ArticleMessianic Hopes and Politics in the Food Movement
What is at the end of your fork? To ask this question is to plunge into a search for answers that are difficult to discover, but if discovered, leave most of us wishing we had never bothered asking in the first place. Ignorance can be, if not bliss, then at least something that doesn’t ruin lunch. Yet for even the most indifferent eaters, the realities of America’s food production system are increasingly difficult to avoid.
The story of how dangerous, unsustainable, and even immoral the production and consumption of food is in America represents one of the most significant emerging social narratives of the new millennium in the West. Authors such as Eric Schlosser and Michael Pollan—whose respective books Fast Food Nation: The Dark Side of the All-American Meal (2001) and The Omnivore’s Dilemma: A Natural History of Four Meals (2006) are groundbreaking, powerful, and essential works about the myriad flaws of America’s food system—helped establish what has since become a burgeoning industry of exposés, documentaries, and activism on the subject. The mission statement of the Yale Sustainable Food Project, with its emphasis on the globalized, interconnected nature of the problem, nicely captures the standard message that has taken hold: “The world’s most pressing questions regarding health, culture, the environment, education, and the global economy cannot be adequately addressed without considering the food we eat and the way we produce it.”
A heightened sense of awareness and anxiety about the way we make the food we eat has become a fixture of American life for a certain segment of the population. As Paul Roberts writes in his book The End of Food, “The very act of eating, the basis of many of our social, family and spiritual traditions—not to mention the one cheap pleasure that could ever rival sex—has for many devolved into an exercise in irritation, confusion and guilt.” There is a reason that the annual Food Issue of the New York Times Magazine, which published many of the articles that laid the groundwork for Pollan’s Omnivore’s Dilemma, is less a celebration of gastronomy than a sociopolitical survey of the current state of mind regarding our food dystopia.
Indeed, 2009 may come to be seen as the year that critical analysis of our food situation reached a critical mass. If Time magazine’s August 2009 cover story, “Getting Real About the High Price of Cheap Food,” indicates this subject has finally hit the mainstream. The article was notable not for what it said, all of which had been said previously, and better, by others, but that it appeared at all. It was a summary of how far the reformist food movement has come. Even the American Farm Bureau—the self-proclaimed “Voice of Agriculture”—whose interests are entirely opposed to the very idea of moving away from our current food practices, couldn’t help but concede begrudgingly, in an article on its website titled “Critics of American Agriculture Intensify Efforts,” that “this has been a good year for the critics of mainstream farming and ranching.” Alice Waters, Berkeley’s Slow Food movement pioneer and co-owner of the legendary Chez Panisse restaurant, showed up at the White House. Michelle Obama’s vegetable garden made headlines (we now have a president who knows the price of arugula). The University of Wisconsin distributed free copies of Pollan’s In Defense of Food: An Eater’s Manifesto (2008) to its incoming freshmen, which caused a stir and backlash from farmers. All of this leaves one with the sense that awareness of the issue has reached a saturation point.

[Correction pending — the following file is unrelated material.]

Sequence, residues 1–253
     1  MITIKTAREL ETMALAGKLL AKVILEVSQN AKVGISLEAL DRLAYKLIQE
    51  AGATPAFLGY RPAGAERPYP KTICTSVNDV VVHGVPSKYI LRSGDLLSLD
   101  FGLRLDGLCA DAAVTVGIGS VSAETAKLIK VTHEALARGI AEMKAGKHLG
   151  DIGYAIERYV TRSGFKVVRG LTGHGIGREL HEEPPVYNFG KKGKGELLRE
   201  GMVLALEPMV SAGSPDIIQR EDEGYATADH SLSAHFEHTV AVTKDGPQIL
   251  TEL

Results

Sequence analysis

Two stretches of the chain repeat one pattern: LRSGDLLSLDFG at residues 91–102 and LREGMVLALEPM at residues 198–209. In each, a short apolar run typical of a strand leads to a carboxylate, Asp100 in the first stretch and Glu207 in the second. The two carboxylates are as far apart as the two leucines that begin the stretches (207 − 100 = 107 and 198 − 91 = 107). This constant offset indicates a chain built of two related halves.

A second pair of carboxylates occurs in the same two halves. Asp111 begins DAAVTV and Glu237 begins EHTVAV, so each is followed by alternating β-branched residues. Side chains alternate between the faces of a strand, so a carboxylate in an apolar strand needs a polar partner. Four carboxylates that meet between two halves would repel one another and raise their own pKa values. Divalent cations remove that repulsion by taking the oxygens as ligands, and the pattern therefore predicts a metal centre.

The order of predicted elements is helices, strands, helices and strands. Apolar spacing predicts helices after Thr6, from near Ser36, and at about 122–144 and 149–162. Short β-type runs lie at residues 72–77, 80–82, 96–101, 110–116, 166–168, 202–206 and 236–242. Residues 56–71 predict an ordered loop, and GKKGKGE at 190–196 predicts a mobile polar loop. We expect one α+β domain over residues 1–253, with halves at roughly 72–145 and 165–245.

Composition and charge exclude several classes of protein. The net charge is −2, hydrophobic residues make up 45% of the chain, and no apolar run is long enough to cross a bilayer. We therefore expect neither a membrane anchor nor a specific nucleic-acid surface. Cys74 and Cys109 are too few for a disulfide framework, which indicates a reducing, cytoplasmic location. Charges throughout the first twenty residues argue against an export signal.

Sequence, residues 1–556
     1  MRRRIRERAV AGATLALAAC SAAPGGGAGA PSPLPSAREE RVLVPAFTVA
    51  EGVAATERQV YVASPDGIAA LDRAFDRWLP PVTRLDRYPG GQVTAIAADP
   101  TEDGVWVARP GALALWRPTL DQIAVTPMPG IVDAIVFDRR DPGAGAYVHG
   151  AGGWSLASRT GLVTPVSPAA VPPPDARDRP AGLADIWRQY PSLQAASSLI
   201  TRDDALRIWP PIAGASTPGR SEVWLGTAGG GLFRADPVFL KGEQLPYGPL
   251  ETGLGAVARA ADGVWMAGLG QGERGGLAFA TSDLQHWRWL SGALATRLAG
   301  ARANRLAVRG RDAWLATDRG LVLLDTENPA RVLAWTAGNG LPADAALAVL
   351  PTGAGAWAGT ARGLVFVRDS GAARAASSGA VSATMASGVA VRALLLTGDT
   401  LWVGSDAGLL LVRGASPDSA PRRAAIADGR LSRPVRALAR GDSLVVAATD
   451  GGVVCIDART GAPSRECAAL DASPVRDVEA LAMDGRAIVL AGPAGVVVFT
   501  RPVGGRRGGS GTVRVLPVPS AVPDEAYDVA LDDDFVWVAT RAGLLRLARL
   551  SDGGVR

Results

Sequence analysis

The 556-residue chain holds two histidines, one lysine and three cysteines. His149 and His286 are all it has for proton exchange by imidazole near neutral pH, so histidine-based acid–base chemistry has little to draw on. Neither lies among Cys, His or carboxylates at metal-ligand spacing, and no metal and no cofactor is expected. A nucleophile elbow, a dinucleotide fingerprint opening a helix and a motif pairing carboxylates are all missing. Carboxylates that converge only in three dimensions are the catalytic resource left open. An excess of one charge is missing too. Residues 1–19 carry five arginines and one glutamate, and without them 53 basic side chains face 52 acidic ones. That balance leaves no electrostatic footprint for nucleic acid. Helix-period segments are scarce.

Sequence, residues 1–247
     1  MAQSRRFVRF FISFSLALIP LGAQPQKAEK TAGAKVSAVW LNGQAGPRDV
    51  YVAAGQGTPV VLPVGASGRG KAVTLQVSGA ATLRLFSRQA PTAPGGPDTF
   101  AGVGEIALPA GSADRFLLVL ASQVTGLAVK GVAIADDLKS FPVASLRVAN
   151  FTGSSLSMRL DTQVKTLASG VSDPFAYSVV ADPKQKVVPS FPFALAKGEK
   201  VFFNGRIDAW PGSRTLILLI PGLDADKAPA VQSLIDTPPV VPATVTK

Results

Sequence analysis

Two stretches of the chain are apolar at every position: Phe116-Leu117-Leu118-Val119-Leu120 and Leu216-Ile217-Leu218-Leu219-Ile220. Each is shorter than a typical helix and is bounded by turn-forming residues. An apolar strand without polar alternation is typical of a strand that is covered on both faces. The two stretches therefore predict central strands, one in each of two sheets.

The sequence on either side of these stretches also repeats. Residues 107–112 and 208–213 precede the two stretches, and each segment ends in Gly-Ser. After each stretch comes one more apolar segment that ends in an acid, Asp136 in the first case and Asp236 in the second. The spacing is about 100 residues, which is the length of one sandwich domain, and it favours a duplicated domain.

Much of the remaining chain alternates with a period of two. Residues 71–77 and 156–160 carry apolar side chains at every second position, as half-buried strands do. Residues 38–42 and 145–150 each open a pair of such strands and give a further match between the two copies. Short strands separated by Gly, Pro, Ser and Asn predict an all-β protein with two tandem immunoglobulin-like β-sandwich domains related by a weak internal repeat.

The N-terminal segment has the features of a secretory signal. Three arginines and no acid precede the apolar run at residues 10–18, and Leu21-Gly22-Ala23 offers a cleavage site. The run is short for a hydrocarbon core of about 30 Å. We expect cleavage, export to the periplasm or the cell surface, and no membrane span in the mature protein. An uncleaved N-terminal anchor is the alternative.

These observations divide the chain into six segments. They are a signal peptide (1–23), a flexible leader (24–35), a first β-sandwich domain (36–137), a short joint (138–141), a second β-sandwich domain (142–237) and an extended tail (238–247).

The dire state of our food system is now well understood, and its abuses have been amply documented. These include factory farms, synthetic products, harsh treatment of animals, well-financed agribusiness lobbyists, misguided farm policies, and a cornucopia of cheap, unhealthy goods that are doing a number on public health. And yet at the very moment when the food movement is beginning to cross over to the mainstream, it’s hard not to wonder whether it will succeed in building on the success it has had in raising awareness. Its bracing diagnosis has not been followed by an equally effective outline of a remedy. The movement, for all its successes, seems stuck.
There are a number of reasons for this, but one of them stands out, and here the trajectory of Pollan’s work, despite its many virtues and achievements, seems telling. Pollan has distinguished himself as the movement’s most eloquent and cogent thinker, and his books have, rightly, become the urtexts for those who seek to understand how America’s food system works and why it is ultimately destructive. He has established a powerful and lucid narrative about the system’s immense dysfunctions, and reading him leaves you with a clear picture of what is at stake. But there is also something absent from his work, and it is the very thing that appears to be absent from the movement as a whole. The food movement, for all its passion, is almost bereft of politics. Without politics, the movement inherently becomes more about style. It asks how we consume not as a society but as individuals. In this sense it purports to solve the food problem simply by helping consumers make more informed choices. This is demoralizing for the simple reason that remaking our food system is an enormous undertaking that will require far more than slogans, good intentions, and a sentimental attachment to whole foods and farmers markets. Sooner or later, politics, in all its incremental and often unappetizing details, will have to take a seat at the table if the food movement is ever going to serve up something greater than personal satisfaction for the few who can afford it.